7 Powerful Exercises To Help You Discover Your Purpose
The idea of doing exercises to help you discover your purpose in life should get you excited. The exercises are simple yet will provide you with clarity and focus. While “thinking” about your purpose in life, the best follow-up is to get it down on paper. Here are 7 exercises you can start with today.
Just like a sports game, there is only so much time on the clock. We are the only animals on the planet that know our time here will run out. Even with this knowledge, many of us waste our precious resource of time. To complete this exercise, you need to think about what you would do if you only had 6 to 12 months left to live. What would you do? Would you just lay in bed and wait, or would you do something that had great meaning and purpose? You can even take it a step further if you are willing to have a bit of emotional pain while writing. Write out your obituary. What would it say about you? Many people find this very helpful because it forces them to look very hard at what they aren’t doing rather than what they are. Take the time to explore who you are and what you mean to this planet.
After you complete the first exercise, have a bit of fun and get yourself laughing at the same time. Write out what you would be doing for a living, even if you were not paid for it. This is a great way to discover your purpose. You may write down a career that at this moment isn’t possible for you due to other commitments. However, you can drill it down and find something related, that if you made that your new career, you would be living much closer to your real purpose in life. For example, a person may be in the trades, providing them with a good life and paycheck. Yet by doing this exercise, they realize that they are highly creative and want to build items that bring joy to others. By doing this exercise, they can find their purpose and live a more joyful life.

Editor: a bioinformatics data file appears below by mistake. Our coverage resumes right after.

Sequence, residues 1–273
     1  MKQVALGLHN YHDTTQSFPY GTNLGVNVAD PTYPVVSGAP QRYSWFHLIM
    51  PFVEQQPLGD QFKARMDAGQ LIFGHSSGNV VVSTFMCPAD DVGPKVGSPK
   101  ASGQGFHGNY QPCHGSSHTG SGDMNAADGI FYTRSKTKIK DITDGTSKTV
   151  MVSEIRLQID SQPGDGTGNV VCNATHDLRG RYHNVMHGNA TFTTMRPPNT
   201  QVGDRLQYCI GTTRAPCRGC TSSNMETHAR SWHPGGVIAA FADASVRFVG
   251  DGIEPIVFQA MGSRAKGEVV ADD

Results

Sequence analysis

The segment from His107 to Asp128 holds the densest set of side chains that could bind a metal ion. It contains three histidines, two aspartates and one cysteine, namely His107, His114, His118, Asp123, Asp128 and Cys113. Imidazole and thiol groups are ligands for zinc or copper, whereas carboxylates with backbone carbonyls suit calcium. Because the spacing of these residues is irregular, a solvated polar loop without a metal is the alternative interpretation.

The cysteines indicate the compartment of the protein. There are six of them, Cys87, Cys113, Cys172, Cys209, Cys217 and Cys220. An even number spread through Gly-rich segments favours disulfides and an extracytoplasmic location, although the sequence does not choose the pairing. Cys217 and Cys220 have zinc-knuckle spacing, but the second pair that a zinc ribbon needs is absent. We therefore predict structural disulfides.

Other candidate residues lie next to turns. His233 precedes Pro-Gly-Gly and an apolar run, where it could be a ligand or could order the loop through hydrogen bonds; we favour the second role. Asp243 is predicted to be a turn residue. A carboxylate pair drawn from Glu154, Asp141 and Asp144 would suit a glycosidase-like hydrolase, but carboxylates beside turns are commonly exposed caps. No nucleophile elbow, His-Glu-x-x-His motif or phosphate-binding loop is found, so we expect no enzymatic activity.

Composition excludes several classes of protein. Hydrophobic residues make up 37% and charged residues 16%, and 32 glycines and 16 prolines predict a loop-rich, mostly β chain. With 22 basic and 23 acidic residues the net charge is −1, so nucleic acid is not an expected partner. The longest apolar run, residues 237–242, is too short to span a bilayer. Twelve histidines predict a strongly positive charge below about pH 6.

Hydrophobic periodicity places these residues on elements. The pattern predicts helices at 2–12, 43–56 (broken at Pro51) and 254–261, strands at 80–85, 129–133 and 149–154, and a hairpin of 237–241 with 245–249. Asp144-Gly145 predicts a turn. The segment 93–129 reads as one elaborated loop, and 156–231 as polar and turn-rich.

It’s time to make a simple list. Write down everything you do that just comes naturally to you. These items require no thought on your part, while others around you might find the same thing more difficult. Once you get a list down, check it over to find one that may be your true purpose in life because it comes to you so easily.
Alright, another list. Who do you trust, and who can you talk to that will listen, think, and give you a straight answer? Write those names down right now. It might be a family member or the older person who lives next door and always seems to have some pearls of wisdom. They do have to know your history because you are going to quiz them. It is time to ask someone else about what your best qualities are. Find out from that person what seems to light a fire under you? Sometimes, we cannot see our hands in front of our faces due to the fog. When you have a lot going on, you may not be clear about what you are passionate about or really should be doing. You might find out that the person you trust has an answer and has held onto it because they didn’t want to intrude and tell you what they think your real purpose in life is.
Now you will hop into a time machine and go back to when you were a child. Write out the things you did the made you the happiest. It may be something like painting, swimming in the ocean, looking at fish or camping for two weeks with your parents, and enjoying the wildlife. As we move through school, things change for us, and we head in a different direction. For those of us who have children, we tend to get our children interested in the things we loved as a child in hopes that they will become what we could not. For example, the hockey parents who are up at 5 am, likely played hockey and dreamed of being a professional. Consider the parent who is constantly buying books and models on dinosaurs for their children. They may have taken a wrong turn, and instead became a paleontologist, ended up as an accountant. Your childhood can give you clues as to your true purpose.
Another time machine idea is thinking back to what you used to do, that was so exciting, you lost track of time. Did you sit down with a novel and forget to eat, or one of your parents had to tell you to go to sleep? That is a hint that your true purpose may be in words, either as a writer, a teacher, or librarian, for starters. What were you so passionate about that people had to shake your shoulder to get your attention? Write those ideas down.
Speaking of being a teacher, here is a great exercise. Think about what you would teach others if you had the opportunity and aren’t doing it now. Would you teach adults how to do more than basic computer work, or would you be teaching music to children? What are you passionate about that would give you the joy to teach others?